Airline pilots have an increased risk of nuclear cataracts [common type of cataract, associated with aging] compared with non-pilots, and that risk is associated with cumulative exposure to cosmic radiation, according to a study in the August issue of Archives of Ophthalmology, one of the JAMA/Archives journals.
Commercial airline pilots are reported to be at an increased risk for some cancers, but studies on the biological effects of their exposure to cosmic radiation have been limited, according to background information in the article. Previous studies have shown that cataracts can be caused by exposure to radiation, including a recent study of astronauts showing an association of incidence of cataracts with space radiation at exposure levels comparable to those of commercial airline pilots.
Vilhjalmur Rafnsson, M.D., Ph.D., of the University of Iceland, Reykjavik, and colleagues conducted a case control study involved 445 men to determine whether employment as a pilot is associated with lens opacification. The cases included 71 men with nuclear cataract, and the controls (n = 374) were those men with different types of lens opacification or without lens opacification. Among the 445 men, 79 were commercial pilots and 366 had never been pilots. All participants in the study were 50 years or older and other factors that contribute to cataract risk, including smoking, age and sunbathing, were controlled for in the statistical analysis. Exposure to cosmic radiation was assessed based on employment time as pilots, annual number of hours flown on each aircraft type, time tables, flight profiles and individual cumulative radiation doses calculated by computer.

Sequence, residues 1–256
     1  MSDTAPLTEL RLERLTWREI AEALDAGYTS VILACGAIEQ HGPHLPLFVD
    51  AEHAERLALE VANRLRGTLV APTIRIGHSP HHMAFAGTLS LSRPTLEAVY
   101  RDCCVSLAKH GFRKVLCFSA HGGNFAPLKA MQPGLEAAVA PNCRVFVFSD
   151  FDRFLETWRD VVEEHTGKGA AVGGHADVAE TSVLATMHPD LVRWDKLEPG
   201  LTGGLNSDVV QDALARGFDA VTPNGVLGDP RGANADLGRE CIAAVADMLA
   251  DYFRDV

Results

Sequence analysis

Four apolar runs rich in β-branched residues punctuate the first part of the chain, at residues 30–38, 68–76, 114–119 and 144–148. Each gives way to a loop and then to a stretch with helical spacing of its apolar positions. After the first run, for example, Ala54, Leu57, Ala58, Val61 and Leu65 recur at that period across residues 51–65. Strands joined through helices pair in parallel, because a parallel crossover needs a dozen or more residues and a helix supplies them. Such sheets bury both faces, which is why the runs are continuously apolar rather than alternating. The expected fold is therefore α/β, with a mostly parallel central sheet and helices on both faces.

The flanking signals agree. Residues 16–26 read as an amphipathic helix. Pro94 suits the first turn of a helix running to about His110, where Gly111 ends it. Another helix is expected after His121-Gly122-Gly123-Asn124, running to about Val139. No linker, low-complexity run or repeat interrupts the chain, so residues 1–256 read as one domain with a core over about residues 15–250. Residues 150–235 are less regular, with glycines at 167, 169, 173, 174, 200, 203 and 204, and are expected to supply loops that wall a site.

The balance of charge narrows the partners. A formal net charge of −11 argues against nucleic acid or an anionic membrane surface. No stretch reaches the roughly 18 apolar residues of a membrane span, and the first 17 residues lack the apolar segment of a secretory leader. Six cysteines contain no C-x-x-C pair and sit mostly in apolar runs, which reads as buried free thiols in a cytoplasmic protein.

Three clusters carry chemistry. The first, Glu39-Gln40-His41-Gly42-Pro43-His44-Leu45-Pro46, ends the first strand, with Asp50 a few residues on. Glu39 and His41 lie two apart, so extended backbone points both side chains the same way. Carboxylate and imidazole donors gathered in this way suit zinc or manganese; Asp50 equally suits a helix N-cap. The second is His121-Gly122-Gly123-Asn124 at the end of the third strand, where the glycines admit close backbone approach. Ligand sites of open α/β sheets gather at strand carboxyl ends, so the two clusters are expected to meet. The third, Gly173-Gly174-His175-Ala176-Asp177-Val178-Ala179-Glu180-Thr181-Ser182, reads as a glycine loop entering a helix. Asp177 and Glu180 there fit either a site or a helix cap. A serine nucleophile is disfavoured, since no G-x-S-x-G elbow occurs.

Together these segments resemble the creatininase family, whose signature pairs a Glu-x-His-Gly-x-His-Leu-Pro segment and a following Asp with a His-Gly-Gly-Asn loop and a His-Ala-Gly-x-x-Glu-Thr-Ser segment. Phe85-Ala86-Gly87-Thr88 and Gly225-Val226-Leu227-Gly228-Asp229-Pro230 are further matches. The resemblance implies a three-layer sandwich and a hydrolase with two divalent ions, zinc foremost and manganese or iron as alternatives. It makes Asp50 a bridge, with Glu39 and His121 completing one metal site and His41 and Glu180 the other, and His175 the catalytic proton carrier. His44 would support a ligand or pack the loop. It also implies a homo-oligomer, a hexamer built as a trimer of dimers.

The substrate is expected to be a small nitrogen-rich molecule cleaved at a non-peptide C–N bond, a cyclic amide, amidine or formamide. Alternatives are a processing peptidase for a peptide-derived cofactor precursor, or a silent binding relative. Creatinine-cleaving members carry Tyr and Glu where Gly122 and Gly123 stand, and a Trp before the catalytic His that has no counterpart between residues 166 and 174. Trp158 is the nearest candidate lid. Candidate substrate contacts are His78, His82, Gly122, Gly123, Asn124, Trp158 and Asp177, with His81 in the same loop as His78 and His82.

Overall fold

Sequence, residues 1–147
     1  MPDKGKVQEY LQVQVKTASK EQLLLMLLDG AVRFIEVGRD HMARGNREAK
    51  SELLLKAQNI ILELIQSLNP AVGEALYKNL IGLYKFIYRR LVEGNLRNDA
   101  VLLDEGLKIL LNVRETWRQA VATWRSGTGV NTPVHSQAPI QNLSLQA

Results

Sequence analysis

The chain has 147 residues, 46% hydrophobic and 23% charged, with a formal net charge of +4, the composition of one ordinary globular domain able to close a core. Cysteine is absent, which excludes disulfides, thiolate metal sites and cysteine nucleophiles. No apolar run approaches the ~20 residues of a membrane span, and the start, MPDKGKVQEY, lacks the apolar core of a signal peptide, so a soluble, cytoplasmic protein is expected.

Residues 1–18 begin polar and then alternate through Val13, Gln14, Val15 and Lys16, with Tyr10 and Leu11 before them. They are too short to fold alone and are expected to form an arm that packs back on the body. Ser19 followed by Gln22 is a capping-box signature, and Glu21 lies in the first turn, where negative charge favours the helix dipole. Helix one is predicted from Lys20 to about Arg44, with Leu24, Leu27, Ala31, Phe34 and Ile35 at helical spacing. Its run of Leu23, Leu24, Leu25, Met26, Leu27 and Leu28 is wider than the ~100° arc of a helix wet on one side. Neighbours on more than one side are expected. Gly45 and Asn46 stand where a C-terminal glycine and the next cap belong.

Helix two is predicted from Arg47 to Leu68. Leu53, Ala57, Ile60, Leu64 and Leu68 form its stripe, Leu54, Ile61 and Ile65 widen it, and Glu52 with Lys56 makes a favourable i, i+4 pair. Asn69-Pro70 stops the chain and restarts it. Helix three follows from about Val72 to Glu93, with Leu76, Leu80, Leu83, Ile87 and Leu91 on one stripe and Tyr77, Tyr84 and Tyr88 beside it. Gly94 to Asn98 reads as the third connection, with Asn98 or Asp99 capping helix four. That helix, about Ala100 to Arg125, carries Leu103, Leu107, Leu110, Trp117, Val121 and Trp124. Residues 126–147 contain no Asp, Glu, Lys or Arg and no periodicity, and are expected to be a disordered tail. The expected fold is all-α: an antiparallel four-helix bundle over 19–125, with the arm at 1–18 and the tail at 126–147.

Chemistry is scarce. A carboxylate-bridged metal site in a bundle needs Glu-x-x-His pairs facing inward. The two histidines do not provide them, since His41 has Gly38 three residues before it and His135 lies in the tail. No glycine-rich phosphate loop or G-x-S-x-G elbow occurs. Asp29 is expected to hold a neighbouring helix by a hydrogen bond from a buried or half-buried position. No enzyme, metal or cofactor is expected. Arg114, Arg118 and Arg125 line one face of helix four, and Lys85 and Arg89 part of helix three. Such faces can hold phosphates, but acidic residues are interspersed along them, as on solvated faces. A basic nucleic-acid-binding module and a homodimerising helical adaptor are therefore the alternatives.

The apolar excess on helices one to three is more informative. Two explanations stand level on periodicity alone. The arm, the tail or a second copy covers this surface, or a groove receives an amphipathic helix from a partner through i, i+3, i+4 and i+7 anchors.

Vilhjalmur Rafnsson | EurekAlert!
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Plants and algae use the enzyme Rubisco to fix carbon dioxide, removing it from the atmosphere and converting it into biomass. Algae have figured out a way to increase the efficiency of carbon fixation. They gather most of their Rubisco into a ball-shaped microcompartment called the pyrenoid, which they flood with a high local concentration of carbon dioxide. A team of scientists at Princeton University, the Carnegie Institution for Science, Stanford University and the Max Plank Institute of Biochemistry have unravelled the mysteries of how the pyrenoid is assembled. These insights can help to engineer crops that remove more carbon dioxide from the atmosphere while producing more food.
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For the first time, physicists have successfully imaged spiral magnetic ordering in a multiferroic material. These materials are considered highly promising candidates for future data storage media. The researchers were able to prove their findings using unique quantum sensors that were developed at Basel University and that can analyze electromagnetic fields on the nanometer scale. The results – obtained by scientists from the University of Basel’s Department of Physics, the Swiss Nanoscience Institute, the University of Montpellier and several laboratories from University Paris-Saclay – were recently published in the journal Nature.
Multiferroics are materials that simultaneously react to electric and magnetic fields. These two properties are rarely found together, and their combined...
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